Jerusalem Film Festival 2010: 3 Documentaries

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‘The Karski Report’
This new short film (49 minutes) by Claude Lanzmann was put together from footage that Lanzmann left out of his seminal ‘Shoah’. It is an interview with Jan Karski, a member of the Polish underground, who Lanzmann interviewed twice when preparing for ‘Shoah’. The first interview was features prominantly in ‘Shoah’. This film is footage from the second interview. Lanzmann, a guest of the festival, introduced the film by explaining that on the first day, he felt that Karski was open and emotional, describing what he saw in the Warsaw ghetto. On the second day, however, Karski was more guarded, and far more theatrical; Lanzmann said it felt like a performance. Indeed, in this film, we see a grand performance by a very skilled actor. In this second interview, Karski goes into great detail about his visit to the United States and his meeting with Roosevelt and various dignitaries. We see a man who is a marvelous storyteller, recounting what appears to be one of the seminal moments in his life.

The crux of the film lies in one tale, of Karski’s meeting with associate justice Frankfurter, a confidant of Roosevelt and a very secular Jew.. After Karski details what he saw in the Warsaw Ghetto, Frankfurter dramatically gets up and firmly tells Karski “I do not believe you!” Frankfurter than explains: “I did not say you are lying. But I do not believe you.” Karski explains to the camera that he took this as warning, that Frankfurter wanted to let him know that details of the Holocaust are so unimaginable that most people will simply refuse to believe them. And that is why Lanzmann said he decided to put together this film- to explain that, as it was going on, many people simply could not cope with the concept of the Holocaust, choosing not to believe. It is a fascinating film, both for its content and for the magnetic character at the center of it.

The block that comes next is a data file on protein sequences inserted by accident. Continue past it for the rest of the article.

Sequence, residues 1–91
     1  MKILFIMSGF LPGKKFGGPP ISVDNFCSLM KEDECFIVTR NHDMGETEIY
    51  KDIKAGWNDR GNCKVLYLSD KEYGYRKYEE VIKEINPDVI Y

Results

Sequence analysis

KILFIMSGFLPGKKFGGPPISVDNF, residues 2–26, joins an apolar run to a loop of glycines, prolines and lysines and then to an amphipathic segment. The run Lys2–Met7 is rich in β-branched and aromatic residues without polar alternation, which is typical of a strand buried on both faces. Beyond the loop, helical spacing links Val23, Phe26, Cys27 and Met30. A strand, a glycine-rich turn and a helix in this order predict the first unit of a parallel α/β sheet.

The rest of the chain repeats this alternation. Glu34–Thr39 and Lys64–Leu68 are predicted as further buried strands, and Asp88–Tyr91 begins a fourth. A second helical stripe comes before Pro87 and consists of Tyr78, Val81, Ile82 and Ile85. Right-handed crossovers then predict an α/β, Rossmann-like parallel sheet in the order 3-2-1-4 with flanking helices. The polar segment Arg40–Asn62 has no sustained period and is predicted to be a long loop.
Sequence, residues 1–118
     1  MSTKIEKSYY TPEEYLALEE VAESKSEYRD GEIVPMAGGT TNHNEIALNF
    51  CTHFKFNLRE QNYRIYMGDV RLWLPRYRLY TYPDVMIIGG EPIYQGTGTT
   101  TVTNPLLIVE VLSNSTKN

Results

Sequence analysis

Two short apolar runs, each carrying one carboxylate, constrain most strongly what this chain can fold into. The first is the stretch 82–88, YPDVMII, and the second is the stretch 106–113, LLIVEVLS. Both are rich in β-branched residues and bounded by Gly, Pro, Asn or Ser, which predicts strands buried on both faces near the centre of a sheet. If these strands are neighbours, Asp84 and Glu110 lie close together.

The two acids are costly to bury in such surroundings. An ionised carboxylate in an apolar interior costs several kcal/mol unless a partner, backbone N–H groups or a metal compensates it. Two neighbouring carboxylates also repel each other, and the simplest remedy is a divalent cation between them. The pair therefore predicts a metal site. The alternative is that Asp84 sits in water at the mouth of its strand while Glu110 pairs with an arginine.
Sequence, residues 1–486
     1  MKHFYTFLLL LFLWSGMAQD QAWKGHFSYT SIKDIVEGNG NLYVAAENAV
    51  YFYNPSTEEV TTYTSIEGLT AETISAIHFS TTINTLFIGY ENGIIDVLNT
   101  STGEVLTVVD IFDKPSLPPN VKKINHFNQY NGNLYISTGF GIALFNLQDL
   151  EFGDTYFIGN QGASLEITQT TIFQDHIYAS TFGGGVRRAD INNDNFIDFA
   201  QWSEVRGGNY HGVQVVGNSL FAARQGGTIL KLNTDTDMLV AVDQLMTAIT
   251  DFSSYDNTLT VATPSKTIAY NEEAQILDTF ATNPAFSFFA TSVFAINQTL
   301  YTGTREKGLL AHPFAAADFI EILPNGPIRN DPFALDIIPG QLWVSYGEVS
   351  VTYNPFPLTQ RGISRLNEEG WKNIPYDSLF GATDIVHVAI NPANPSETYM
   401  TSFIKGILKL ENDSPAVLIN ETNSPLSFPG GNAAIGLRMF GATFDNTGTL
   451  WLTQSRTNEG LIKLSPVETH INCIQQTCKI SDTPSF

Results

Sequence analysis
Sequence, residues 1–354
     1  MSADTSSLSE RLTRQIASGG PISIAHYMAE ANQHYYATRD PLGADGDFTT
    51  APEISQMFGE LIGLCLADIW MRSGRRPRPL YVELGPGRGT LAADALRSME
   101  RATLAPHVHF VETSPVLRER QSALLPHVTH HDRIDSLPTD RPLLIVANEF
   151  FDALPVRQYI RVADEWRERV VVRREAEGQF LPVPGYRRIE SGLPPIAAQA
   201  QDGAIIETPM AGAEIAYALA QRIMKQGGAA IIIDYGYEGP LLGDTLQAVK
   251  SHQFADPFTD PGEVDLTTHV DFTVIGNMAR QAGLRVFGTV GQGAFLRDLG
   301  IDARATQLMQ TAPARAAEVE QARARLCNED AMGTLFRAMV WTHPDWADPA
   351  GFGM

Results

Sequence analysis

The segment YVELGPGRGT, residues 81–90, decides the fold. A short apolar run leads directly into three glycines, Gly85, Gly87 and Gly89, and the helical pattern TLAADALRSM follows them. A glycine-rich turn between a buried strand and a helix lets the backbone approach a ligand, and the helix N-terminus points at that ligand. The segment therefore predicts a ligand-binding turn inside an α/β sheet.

‘The Wagner Family’
‘The Wagner Family’ is another short documentary (45 minutes), also greatly influenced by WWII, although from a very different angle: the unbelievably insane and often repulsive descendants of composer Richard Wagner, and how doomed the family is by its inextricable ties to the Nazi regime. Directed by the remarkably prolific Tony Palmer -who was in attendance at the screening, along with Gottfried Wagner, the composer’s great grandson- the film follows the family line through its association with the Bayrouth Wagner festival. From the jovial but vitriolically antisemitic Cosima Wagner, Richard’s second wife -who changed her children’s father’s name around so that a son from a previous marriage could continue the Wagner lineage- through her daughter in law -who’s husband was homosexual, had a crush on Hitler and was devoted to him to the day she died- and the third generation, which included Winfried -who was constantly hoping for death- and Wolfgang -who threw his own family out on the street and seems like an all around terrible human being. Gottfried, Wolfgang’s son, is the main speaker for the fourth generation, and he speaks about his utter disgust for his lineage, his father in particular. Both he and Palmer have been banned from attending the Bayrouth Wagner festival, and in fact have been asked not to set foot in the city of Bayrouth. This morbid documentary is probably the feel good movie of the year- it makes one feel ever so much better about one’s own messed up family.


’14-18, Le Bruit et la Fureur’
An ambitious French documentary that weaves a first person perspective of the First World War (in the form of a narrator) using technology to a startling effect: The film is made up of film and photographs taken during the war, but digitally retouched. For the first time, one can see the most unimaginably horrific war in color, often with sound. In what must have been an epic endeavor, the filmmakers added not only color, but also apparently have smoothed out the footage, adapted the speed, ironed out much of the historic wear & tear, and added a soundtrack. The result is almost too much to confront. WWI is too sad to contemplate given the distance we have…with footage that brings these times to life in a chilling way, it forces us to confront this war -an ugly war down to its very core. It forces one to confront the fact that while WWII has been domesticated through its extreme drama -best good guys, worst bad guys, most tragic victims, most variety- WWI, a tragic and pathetic enterprise from start to finish, has been forgotten. There is no catharsis in remembering it. This documentary forces its audience to come to terms with the ugliness of war, a concept much harped upon but rarely practiced in cinema. It is exhausting, somewhat less than compelling in its dramatic structure (I didn’t particularly care for the narration), but manages to convey an experience that is totally unlike anything I’ve ever seen before.

SHLOMO PORATH

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